The Replacement – Patrick Redmond

51deE1X+L-LTitle – The Replacement

Author – Patrick Redmond

Published – 2015 (paperback)

Genre – Psychological thriller

It’s an odd way to start a review but I must say up front that I really didn’t like this book. If the trend is for books with dislikable characters at their heart then this has them in spades. Nevertheless, I couldn’t put it down, it is like the literary equivalent to gawping at a car crash.

The story starts by featuring the Randalls, a well-to-do family living what appears to be an enviable life; it is certainly one where appearances seem to matter more than people’s feelings. We’re rapidly introduce to the characters: mother Caroline who is at the heart of village life, the recently retired lawyer father, and the twin sons in their twenties who are both trying to live up to their parents’ expectations. We’re also introduced to Stuart whose life no one would envy. The same age as the twins, he is working for an estate agents, worrying about his elderly grandmother, having lost his parents and sister at an early age. The cast of characters goes on with extended families and girlfriends. All have their part to play in the condensed saga (it takes place over just a few months) that unfolds.

The author begins by providing some insight into the personalities involved and by and large they all come across as unpleasant in one way or another – they are all manipulative, devious and scheming. Appearance is everything and ruthless behaviour at the cost of others is the way to get ahead. Stuart is the complete contrast to this, perhaps showing that his life without entitlement has bred a more pleasant person.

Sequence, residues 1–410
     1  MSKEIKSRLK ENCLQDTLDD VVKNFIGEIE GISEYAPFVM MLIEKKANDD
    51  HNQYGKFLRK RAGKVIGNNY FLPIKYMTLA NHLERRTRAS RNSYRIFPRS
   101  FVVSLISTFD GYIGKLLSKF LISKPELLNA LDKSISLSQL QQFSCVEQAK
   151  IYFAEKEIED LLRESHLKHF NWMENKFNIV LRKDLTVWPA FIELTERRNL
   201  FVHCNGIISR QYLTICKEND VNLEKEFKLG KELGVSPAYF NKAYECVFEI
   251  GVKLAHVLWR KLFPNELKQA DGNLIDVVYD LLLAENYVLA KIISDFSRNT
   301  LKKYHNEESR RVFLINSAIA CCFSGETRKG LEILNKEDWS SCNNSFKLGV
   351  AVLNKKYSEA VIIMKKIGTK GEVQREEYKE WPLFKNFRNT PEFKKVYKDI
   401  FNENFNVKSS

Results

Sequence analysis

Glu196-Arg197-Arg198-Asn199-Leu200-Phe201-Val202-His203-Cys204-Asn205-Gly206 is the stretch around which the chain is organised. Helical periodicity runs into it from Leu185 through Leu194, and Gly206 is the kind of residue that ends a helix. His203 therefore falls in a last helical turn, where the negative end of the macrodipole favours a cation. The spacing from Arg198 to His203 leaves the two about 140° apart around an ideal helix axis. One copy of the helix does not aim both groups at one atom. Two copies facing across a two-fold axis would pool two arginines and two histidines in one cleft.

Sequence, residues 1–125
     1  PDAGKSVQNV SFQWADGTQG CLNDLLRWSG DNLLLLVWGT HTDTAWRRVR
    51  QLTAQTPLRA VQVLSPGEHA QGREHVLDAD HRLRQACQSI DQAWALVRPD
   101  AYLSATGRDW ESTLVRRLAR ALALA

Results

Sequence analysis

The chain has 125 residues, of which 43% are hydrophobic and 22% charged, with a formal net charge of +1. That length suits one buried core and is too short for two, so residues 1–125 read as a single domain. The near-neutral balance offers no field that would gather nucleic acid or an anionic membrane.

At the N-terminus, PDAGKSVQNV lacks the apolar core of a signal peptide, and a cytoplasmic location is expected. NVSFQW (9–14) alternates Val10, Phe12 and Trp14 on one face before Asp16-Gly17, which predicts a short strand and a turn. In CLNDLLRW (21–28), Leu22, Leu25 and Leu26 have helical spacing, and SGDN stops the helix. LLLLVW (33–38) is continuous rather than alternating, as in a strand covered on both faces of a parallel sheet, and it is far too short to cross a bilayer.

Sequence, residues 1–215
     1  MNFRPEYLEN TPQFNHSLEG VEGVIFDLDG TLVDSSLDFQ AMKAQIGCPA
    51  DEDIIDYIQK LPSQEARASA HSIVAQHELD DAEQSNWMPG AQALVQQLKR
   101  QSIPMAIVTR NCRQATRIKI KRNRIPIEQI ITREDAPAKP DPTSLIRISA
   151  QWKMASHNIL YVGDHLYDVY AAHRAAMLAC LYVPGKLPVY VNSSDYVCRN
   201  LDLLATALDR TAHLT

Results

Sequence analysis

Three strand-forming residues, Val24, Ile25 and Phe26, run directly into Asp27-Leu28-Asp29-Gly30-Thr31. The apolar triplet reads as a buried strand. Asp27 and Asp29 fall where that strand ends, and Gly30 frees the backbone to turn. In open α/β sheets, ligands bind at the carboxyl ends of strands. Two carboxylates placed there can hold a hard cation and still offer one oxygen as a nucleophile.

The main plot starts when Stuart and the Randalls’ paths cross and an unexpected connection is discovered. Stuart’s introduction into the Randalls’ life is divisive and this brings out the worst in all involved. As the story unfolds it becomes clear that the characters are also fickle and their feelings can change in the blink of an eye (or in response to a single sentence). And just when you think that the behaviour can’t get any worse there’s an incident which is truly shocking.

The tension in the story is delivered by the relationships and the reactions of those involved – and the belief that if you hang on until the end of the book then someone must rise above the rest. The story is also full of secrets and there’s some pleasure to be taken in waiting to see if and how people will be found out.

Redmond has created an intriguing book and an unpleasant cast of characters, with a story that is a cross between a family saga and a psychological thriller.

You can see another review of this title at Raven Crime Reads. Thank you to the publisher for the review copy.


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